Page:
Hyundai's new Continuously Variable Valve Duration tech boosts both power and efficiency

It'll debut on Hyundai's Smartstream engine family, starting with a 1.6-liter I4.

Andrew Krok Reviews Editor / Cars
Cars are Andrew's jam, as is strawberry. After spending years as a regular ol' car fanatic, he started working his way through the echelons of the automotive industry, starting out as social-media director of a small European-focused garage outside of Chicago. From there, he moved to the editorial side, penning several written features in Total 911 Magazine before becoming a full-time auto writer, first for a local Chicago outlet and then for CNET Cars.
Andrew Krok
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The picture might not look like all that much, but the benefits CVVD brings will be very important as emissions regulations continue to strengthen.


Variable valves are nothing new in the auto industry -- if you've heard one "VTEC Is kicking in" joke, you've no doubt heard 'em all. But that's not to say the idea behind variable valves has been completely explored, as we've learned from and its latest piece of engine tech.

Hyundai on Wednesday unveiled its new Continuously Variable Valve Duration (CVVD) technology. According to the automaker, it's capable of increasing performance by 4% while simultaneously improving fuel efficiency by 5% and decreasing overall emissions by 12%. Those are some pretty impressive numbers, considering how modern engines are already squeezing out as much performance and efficiency as possible.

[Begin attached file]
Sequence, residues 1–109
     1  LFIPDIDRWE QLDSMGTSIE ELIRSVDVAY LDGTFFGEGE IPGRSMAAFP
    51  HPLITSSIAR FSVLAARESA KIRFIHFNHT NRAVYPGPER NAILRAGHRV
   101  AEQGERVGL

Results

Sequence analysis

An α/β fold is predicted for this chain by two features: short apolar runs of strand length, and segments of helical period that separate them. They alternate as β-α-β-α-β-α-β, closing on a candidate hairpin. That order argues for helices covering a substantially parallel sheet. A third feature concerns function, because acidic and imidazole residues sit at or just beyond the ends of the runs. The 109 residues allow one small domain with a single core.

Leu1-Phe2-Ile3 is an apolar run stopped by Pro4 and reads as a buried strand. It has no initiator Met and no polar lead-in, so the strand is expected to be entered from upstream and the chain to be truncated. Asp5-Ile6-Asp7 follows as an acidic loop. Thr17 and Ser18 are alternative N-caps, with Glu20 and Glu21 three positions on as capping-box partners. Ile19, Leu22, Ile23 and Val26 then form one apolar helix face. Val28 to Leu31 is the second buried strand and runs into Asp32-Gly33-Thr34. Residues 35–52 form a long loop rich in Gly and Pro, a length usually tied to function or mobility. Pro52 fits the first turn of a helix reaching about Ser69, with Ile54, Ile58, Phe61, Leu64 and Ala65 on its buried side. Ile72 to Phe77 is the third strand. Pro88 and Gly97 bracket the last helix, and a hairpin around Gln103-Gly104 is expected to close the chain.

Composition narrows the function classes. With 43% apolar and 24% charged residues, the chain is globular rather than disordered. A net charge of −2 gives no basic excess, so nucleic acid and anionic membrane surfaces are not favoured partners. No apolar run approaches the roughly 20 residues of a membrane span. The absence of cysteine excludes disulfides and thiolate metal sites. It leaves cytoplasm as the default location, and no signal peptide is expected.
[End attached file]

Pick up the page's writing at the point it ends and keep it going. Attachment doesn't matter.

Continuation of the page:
Unlike other systems we've heard about in the past, CVVD works by extending the time that a valve stays open. Specifically, the technology opens the intake valve during the middle and end of the compression stroke, which Hyundai claims reduces compression resistance, when the vehicle is at a constant speed and doesn't need maximum engine output. When a person puts the pedal down, the intake valve closes at the beginning of the cylinder's compression stroke, maximizing the amount of available air and improving performance.

That duration bit is key to understanding the difference between this and other variable-valve technologies. Variable valve timing adjusts when engine valves open and close during the usual four-stroke cycle. Variable valve lift controls the amount of air entering the cylinder by changing how far the valve opens. CVVD, according to Hyundai, allows for more flexibility based on the current driving style.

Hyundai's CVVD tech will make its debut in Hyundai's new Smartstream engine family, which will appear in the new Sonata and Venue vehicles to start. Specifically, it will be included in a 1.6-liter turbocharged I4 with 180 horsepower and 195 pound-feet of torque. That motor will make its first appearance in the Hyundai Sonata Turbo, which is slated to come out later this year.

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